Turn losing pounds into losing inches.

For many people setting out on a weight loss program, one of the goals is to turn losing pounds into losing inches.  One of the most common things any trainer will hear from a new client is “I just have to lose a few extra pounds, and I want to drop 10.”  The client says this with dead serious gaze, and the trainer looks into the client’s eyes, looks at his/her body, back into the client’s eyes….and does an inner calculation about how to best deliver the honest goods to the client at that first meeting.  One of the biggest challenges – and the key to success – about transforming your body is setting and visualizing realistic goals.  It gives you the patience to persevere, and a more balanced appreciation of what’s involved to get you there.

For most of us, slimming down means less belly fat.  Most people want to turn losing pounds into losing inches, especially around the waist.  Many of us know that a pound of fat releases about 3,500 calories of energy.  But we’re generally concerned about where the fat is coming off.  For most of us, our shrinking waistlines are more an indication about our success than our overall weight.  While gaining muscle or toning is somewhat predictable, there really is nothing mechanical about how the body loses weight, and where it decides to pull fat from.  It’s a function of hormones and the overall processes of fat selection are poorly understood.

So how much fat do we have to lose to drop an inch off our waists?  Although we come in all heights and shapes, the consensus is that it’s about 6-8 pounds for every inch you drop, give or take.  Obviously if we’re taller, there’s more fat to lose to drop an inch.  So when setting your goal, look at yourself in the mirror and visualize how much you want to take off; even massage and pinch your fat pockets to see how much is there.  Most people over-estimate how much muscle mass they have, and under estimate how much fat they’re flashing.  If you’re thinking that you’re wanting to drop 4 inches, you’re closer to needing to drop 30 lbs than 10.  Now do some math:  30 x 3,500 calories / how many calories you burn during your cardio session.  So that’s 105,000 / 200 calories (for example) which means 525 visits to the treadmill – assuming you eat perfectly!   The sheer impossibility of how that sounds tells us that something else is involved in a core way other than counting calories.  We know that losing fat has EVERYTHING to do with changing your biochemistry, and, yes, eating responsibly, but very little to do with restricting calories.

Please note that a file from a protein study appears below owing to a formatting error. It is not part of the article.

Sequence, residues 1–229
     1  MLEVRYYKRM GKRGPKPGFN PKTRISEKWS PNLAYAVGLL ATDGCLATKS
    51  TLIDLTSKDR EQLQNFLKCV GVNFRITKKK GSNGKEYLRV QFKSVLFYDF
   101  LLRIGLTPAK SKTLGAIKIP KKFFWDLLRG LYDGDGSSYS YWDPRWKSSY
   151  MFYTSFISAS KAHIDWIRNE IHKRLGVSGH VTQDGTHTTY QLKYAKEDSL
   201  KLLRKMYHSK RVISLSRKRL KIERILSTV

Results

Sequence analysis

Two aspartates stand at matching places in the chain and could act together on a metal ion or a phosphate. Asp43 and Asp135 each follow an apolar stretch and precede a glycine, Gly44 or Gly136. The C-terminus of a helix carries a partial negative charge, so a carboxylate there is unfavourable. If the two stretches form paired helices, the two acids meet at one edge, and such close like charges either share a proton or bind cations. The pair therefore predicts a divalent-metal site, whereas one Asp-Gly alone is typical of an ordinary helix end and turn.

That’s why starting with a body composition test is very helpful.  While not 100% accurate, it’s generally close enough to give the client a realistic sense of where their body is at, and how far they need to take it.  Another reason this is critical for healthy weight loss is to do periodic testing to make sure the client is losing fat and not muscle.  That’s critical because of the danger that most calorie restricted diets will eat into your lean muscle mass in addition to your fat.  This happens more often than not.  That’s also why at Weights we prefer to redirect your caloric needs to foods that are nutrient rich and help you lean out, rather than restrict your caloric intake.  If fact, a common issue is that most of our clients don’t eat enough to lose weight, odd as that sounds to some.

Our focus is on fat loss and body transformation, not the misleading, abstract number of “weight” loss.  Because of our focus on body transformation, and fat metabolism, we offer a variety of methods to get the fat off your abs.  Ask us about them.

Contact me at kurtluzny@weights101.com if you’d like to discuss your fitness or body transformation further! Bryan and I will get you to your goals!

This entry was posted in Fitness, Men's health, Personal health, Women's health and tagged , , , , , , , by Kurt Luzny. Bookmark the permalink.
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About Kurt Luzny

Co-founder and Fitness Artist, Weights Gym Kurt Luzny believes passionately in fitness as central to total wellness. Kurt's commitment to the clients of Weights goes beyond being a co-owner of the gym and wellness centre with Bryan Runge. He believes deeply in the potential of each to identify and break through barriers that are keeping them from achieving their full potential. In the gym, Kurt takes on the role of body guide and interpreter, assisting clients to better understand and achieve their fitness potential. Basing his approach on ongoing integration of the newest research in fitness and health, Kurt strives to bring his best to each session. He expects results and holds himself, as well as his clients, accountable for getting them. 604 327 5453

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